Now we see more!

19 12 2012

“Learn: [with object] gain or acquire knowledge of or skill in (something) by study, experience, or being taught.”

– Oxford Dictionary

There are a few birders in Spain and therefore most of the rarities leave the area without being found. Comparing our numbers with those from Britain, where more than 300 yellow-browed warblers are found each year, is ridiculous. The best years, no more than 15 yellow-browed warblers are detected in Spain and I get nervous when I think how many may be wintering in the vast “dehesas” from Extremadura.

Passerines and gulls are for sure the most underrated rarities in terms of numbers and it seems this would stay the same. However, sometimes it’s possible to sense a small change, little by little, almost imperceptible. 2 weeks ago, Eduard Batista, who works as a teacher in a school just in the middle of Barcelona, noted a strange gull feeding on student’s sandwiches. Ha had assisted at an introductory course of birding imparted by the ICO (Catalan Institute of Ornithology) and the bird he was seeing coincided with a rare species he had been told about. He put the sighting with some poor shots in ornitho.cat, asking if it could be a herring gull. The bird was an adult, but the photos were not good enough to be sure.

Today, I’ve been together with Eduard (who kindly ask the director about…) in his school, during the playground time, waiting for the gull. The bird soon appeared and we enjoyed it at a close range, confirming its identity. It’s only the third sighting for Barcelona and maybe the most unexpected. In fact, that story only demonstrates birds can be everywhere and the more we are, the more rarities would be found. While waiting for more birders, the only we can do is to increase our time in the field.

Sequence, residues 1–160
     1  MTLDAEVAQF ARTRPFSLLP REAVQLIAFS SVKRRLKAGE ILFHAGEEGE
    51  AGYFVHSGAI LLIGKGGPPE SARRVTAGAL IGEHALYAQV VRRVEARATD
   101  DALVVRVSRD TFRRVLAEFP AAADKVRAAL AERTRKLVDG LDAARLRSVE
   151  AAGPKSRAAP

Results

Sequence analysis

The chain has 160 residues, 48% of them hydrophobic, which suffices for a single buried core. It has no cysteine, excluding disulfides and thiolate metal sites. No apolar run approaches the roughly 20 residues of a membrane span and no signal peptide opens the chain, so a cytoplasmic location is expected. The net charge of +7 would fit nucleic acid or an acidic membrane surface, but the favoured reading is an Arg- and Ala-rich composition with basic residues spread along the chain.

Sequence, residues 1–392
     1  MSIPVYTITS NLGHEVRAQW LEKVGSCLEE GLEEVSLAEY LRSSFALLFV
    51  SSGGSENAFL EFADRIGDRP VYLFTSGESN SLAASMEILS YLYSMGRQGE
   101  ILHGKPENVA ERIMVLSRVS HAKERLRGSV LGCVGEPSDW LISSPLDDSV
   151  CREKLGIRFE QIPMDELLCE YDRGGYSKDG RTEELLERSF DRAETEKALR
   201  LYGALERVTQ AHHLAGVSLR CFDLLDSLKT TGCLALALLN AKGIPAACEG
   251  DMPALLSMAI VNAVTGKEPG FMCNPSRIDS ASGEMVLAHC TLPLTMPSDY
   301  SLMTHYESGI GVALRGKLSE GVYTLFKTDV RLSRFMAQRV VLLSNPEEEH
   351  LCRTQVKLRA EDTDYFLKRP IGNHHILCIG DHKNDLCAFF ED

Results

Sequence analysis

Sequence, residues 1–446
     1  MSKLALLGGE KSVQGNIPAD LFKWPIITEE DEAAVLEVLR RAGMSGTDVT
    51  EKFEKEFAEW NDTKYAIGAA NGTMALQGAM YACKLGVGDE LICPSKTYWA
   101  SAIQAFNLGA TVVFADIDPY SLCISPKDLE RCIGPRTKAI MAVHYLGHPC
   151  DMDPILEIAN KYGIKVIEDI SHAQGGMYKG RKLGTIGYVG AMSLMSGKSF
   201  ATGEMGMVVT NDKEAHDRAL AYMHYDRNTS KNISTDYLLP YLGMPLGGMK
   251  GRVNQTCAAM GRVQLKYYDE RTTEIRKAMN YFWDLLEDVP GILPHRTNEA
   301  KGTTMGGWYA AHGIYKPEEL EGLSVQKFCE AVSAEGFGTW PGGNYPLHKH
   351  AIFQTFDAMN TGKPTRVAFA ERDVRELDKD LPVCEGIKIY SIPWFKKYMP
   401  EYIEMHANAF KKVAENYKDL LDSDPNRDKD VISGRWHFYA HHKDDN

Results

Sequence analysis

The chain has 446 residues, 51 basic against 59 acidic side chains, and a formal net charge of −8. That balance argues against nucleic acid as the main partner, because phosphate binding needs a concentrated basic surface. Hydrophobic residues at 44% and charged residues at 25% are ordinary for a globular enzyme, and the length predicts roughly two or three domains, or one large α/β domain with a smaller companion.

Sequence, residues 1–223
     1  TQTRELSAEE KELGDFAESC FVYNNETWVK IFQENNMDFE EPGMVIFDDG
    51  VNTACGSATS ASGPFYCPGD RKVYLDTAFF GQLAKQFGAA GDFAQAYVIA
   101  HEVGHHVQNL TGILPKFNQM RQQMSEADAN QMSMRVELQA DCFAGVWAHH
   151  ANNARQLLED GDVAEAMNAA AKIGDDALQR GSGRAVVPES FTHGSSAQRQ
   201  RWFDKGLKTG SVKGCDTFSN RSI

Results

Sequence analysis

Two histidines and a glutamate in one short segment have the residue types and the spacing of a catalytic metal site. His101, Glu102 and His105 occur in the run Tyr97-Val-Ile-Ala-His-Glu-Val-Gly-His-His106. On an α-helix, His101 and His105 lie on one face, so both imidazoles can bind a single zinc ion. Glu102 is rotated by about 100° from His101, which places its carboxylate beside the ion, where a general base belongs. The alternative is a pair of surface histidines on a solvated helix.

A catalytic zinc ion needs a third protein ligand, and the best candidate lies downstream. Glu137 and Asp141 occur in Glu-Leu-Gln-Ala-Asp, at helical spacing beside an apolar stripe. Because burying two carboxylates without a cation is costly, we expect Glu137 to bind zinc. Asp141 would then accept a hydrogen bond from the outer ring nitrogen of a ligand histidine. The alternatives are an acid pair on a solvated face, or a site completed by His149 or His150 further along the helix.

Larus argentatus Lestonnac3

Larus argentatus Lestonnac  Larus argentatus Lestonnac4

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Interesting shearwater

17 12 2012

“I believe in a long, prolonged, derangement of the senses in order to obtain the unknown.”

– Jim Morrison

A new project has born in the Canary Islands! I am talking about Cetavist, a net of observers on board the ferries between islands. The project is carried by the University of la Laguna and its main purpose is to describe the distribution of both cetaceans and seabirds within the Canary Island archipelago. In the last years, there have been many changes in both the occurrence and abundance of some of the species such as Bryde’s whale and Barolo’s shearwater. To describe that processes, it’s important to be prospecting almost every week, so the project count with the help of volunteers. If anyone is planning a birding trip to the Canaries and wants to try the Barolo’s shearwater (nowadays the hardest bird of Spain!) from the ferries (the best ones are between Tenerife and La Gomera and between Tenerife and El Hierro), please contact me and you would obtain free tickets! The only thing you have to do in exchange is to count birds and cetaceans and take the position of each sighting. The datasheet is very simple… You can check the news about the project (in Spanish, for the moment) in the new blog cetavist.blogspot.com.